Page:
John Hazlehurst

John Hazlehurst

Will the real estate bubble ever burst? Given the soaring cost of new construction, the national popularity of our fair city and region, and the strong local economy, it’s difficult to imagine any real change in the foreseeable future.

Year-to-year price increases may slow down a bit, but the sun will shine brightly on our ever more valuable homes.

Or will it? All booms end, whether with a bang or a whimper. Let’s look at our city’s first and most interesting boom, triggered by the discovery of gold in Cripple Creek in 1890.

When penniless prospector Bob Womack staked out the El Paso Lode near Poverty Gulch on October 20, 1890, his discovery was largely ignored. He was just another delusional guy looking for precious metals in the bucolic cattle country west of Pikes Peak. 

Never mind Womack’s claim that ore samples assayed at $250 a ton — it was just more BS. Many Springs residents had been taken in by a previous scam, when a couple of enterprising grifters had salted some ranch dirt from the same area with gold dust and created a fake gold rush. Those memories may have slowed the real rush, which eventually began after Womack’s discovery.

It was one for the ages. In Money Mountain, his history of Cripple Creek, Marshall Sprague tells us just how extraordinary it was when “a peaceful alpine pasture was found to overlay one of the great treasures of history.” The pasture was only a few miles from Colorado Springs, and the discovery forever altered the city.

Unlike the vast gold mining districts of South Africa, Alaska or Australia, Cripple Creek was small and easily accessible. Money flowed in, much more flowed out and Colorado Springs boomed. Some impecunious residents, like Jimmie Burns and W.S. Stratton, struck it rich — and many more, like Womack and my grandfather Charles Farnsworth, tried and failed.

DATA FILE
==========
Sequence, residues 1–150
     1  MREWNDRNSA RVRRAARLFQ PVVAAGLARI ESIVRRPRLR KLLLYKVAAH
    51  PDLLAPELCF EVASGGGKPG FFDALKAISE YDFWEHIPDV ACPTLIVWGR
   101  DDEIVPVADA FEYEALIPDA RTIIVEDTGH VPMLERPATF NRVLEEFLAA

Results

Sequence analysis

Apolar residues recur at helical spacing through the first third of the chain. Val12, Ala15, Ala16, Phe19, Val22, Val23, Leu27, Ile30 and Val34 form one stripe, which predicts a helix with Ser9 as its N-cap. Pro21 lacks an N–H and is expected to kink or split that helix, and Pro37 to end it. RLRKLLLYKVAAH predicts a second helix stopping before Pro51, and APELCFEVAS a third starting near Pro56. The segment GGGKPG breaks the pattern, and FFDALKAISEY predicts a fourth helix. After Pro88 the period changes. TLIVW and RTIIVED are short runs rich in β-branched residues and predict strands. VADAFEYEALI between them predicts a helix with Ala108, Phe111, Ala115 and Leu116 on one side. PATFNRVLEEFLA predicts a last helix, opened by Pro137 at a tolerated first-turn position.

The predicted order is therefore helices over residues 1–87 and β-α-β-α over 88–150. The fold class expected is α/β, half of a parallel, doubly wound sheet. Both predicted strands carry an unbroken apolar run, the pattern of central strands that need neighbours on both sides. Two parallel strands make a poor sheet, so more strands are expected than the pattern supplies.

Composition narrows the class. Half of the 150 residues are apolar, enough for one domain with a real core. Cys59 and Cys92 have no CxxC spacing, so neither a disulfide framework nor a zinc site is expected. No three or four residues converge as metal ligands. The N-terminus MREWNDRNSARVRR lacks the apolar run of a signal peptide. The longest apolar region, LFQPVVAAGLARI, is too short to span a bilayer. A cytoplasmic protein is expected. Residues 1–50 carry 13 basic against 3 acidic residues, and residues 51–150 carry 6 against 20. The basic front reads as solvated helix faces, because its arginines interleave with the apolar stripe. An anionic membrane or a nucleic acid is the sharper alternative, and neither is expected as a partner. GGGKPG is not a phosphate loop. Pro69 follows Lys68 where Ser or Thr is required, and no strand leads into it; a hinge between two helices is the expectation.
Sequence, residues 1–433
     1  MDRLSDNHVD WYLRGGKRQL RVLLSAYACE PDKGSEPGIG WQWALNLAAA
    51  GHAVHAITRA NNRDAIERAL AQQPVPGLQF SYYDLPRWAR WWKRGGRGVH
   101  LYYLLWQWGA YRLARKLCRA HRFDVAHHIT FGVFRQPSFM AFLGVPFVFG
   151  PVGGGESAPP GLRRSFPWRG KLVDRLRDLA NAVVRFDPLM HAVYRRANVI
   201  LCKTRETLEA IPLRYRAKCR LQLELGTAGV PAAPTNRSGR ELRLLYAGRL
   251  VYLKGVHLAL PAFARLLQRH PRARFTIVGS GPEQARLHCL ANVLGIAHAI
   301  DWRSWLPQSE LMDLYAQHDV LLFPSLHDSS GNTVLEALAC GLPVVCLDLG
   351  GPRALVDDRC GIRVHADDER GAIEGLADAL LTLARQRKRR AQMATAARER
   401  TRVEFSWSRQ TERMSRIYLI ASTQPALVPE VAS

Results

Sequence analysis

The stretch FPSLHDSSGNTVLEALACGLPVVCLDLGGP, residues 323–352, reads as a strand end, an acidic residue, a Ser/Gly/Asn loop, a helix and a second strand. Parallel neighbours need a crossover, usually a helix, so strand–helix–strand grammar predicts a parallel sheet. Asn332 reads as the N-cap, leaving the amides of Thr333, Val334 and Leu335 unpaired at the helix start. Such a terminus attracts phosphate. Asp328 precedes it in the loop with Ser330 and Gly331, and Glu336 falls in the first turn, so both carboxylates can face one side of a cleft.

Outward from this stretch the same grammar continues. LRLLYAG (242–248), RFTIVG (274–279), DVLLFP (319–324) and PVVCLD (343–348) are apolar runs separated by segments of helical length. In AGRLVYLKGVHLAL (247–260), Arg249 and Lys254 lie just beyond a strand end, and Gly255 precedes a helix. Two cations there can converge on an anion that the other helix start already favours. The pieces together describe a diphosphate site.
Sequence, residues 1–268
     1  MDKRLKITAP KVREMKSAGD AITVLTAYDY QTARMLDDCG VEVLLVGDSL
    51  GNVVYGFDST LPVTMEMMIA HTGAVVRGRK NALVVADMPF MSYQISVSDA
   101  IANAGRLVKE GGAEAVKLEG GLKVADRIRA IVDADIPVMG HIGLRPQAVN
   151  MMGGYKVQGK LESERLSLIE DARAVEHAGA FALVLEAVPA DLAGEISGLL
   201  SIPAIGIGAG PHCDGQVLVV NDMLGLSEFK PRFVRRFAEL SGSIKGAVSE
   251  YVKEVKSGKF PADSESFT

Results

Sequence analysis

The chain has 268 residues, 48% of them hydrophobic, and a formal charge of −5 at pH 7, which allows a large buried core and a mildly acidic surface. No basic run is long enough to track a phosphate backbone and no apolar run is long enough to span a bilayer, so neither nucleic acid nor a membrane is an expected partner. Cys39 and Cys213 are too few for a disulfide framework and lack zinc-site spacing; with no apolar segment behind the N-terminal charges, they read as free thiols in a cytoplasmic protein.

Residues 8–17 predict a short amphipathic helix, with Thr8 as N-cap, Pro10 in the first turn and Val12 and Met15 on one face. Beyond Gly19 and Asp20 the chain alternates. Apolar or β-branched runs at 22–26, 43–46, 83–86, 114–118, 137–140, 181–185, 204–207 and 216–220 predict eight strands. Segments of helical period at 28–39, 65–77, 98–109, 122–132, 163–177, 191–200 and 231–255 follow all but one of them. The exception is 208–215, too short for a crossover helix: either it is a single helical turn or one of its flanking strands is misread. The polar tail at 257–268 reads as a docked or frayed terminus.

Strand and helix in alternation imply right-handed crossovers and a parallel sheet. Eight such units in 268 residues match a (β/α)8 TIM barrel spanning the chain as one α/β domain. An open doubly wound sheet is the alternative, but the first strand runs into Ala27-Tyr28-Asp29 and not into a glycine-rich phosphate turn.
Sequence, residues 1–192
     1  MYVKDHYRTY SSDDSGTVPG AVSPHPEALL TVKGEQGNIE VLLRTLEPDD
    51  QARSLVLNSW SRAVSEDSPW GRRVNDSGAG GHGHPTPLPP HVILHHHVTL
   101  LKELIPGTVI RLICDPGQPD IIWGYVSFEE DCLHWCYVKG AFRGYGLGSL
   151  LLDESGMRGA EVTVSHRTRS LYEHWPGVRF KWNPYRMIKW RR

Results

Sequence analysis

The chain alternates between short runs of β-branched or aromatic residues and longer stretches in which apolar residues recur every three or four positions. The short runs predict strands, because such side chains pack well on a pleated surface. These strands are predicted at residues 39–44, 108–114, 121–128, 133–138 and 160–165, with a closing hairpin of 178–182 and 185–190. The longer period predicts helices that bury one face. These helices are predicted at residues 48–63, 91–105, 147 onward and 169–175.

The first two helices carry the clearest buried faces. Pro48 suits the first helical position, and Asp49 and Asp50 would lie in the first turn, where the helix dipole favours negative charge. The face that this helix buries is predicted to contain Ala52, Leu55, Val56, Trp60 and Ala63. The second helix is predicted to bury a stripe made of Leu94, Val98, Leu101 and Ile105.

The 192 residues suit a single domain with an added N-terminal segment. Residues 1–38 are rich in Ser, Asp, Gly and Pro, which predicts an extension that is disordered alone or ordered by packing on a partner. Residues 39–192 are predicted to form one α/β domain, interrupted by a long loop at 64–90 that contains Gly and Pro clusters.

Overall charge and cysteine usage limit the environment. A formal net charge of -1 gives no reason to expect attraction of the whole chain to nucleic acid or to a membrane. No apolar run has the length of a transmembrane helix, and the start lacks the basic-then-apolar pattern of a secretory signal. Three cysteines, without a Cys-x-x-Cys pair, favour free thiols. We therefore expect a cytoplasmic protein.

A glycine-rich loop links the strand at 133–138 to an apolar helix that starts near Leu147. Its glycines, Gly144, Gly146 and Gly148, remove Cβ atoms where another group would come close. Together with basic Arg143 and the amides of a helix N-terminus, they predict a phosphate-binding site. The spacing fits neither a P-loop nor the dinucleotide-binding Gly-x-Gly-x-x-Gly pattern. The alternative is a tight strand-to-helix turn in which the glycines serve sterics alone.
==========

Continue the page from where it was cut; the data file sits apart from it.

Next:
I never met Grandpa Farnsworth — he died of tuberculosis in 1906, when my mother was 8 years old. He didn’t leave his descendants any sacks of golden nuggets, but I’m happy to own the printed and engraved evidence of his time as an ambitious Cripple Creek mine owner/stock promoter/wannabe rich guy — stock certificates!

He founded, led or promoted The Independence Town and Mining Company, the Great Northern Gold Mining Company, The Flying Cloud Mining Company, The Tenabo Mining and Townsite Company, The Fairview Tiger Gold Mining Company and The Twin Sisters Mining and Milling Company. All but Tenabo were based in Colorado Springs and all issued stock traded on the lively Colorado Springs Stock Exchange.

The Official Manual of the Cripple Creek Mining District, published in June of 1900, lists more than 450 active gold mining companies; 433 were headquartered in the Springs. Cripple Creek gold brought jobs, bank deposits and frenzied building to Colorado Springs. In the 1901-02 annual reports and financial statements of the city, Mayor John Robinson wrote a long paean to the glories of his prosperous town.

“The results are now here,” Robinson said. “A city of beauty, healthfulness, righteousness and culture; a city more widely and favorably known than any other of its size in the whole country; a city with a citizenship of as high average ability, wealth, individual initiative, energy and morality as any other.” 

Minus the florid Victorian tone, John Suthers could have given that speech yesterday. After all, everyone in the country wants to move here and we’re the masters of our fate… or are we? 

Good things come to an end. Mayor Robinson’s optimism was misplaced in the short term, as the gold mines gradually petered out, the Cripple Creek labor wars decimated the mining companies and hundreds went broke. Charles Farnsworth gave up the mining business, moved to Meeker and took a job running the I-Bar-I ranch in 1905. His health worsened, and he returned to the Springs to die.

His mother stayed, as did his wife and children. Hoping for treasure, one of his descendants researched the stock certificates and gloomily penned “defunct” on each one, thereby reducing their collectible value. Too bad — otherwise I could sell them for a few bucks, go up to Cripple Creek and hit a jackpot. And if I lose, so what? My home appreciation will quickly cover my losses. 

Delusional optimism — a typical Colorado Springs legacy…

John Hazlehurst, whose great-grandfather came to Colorado in 1859, is a Colorado Springs native. He has worked as a reporter/columnist for the Indy since 1997 and the Business Journal since 2006.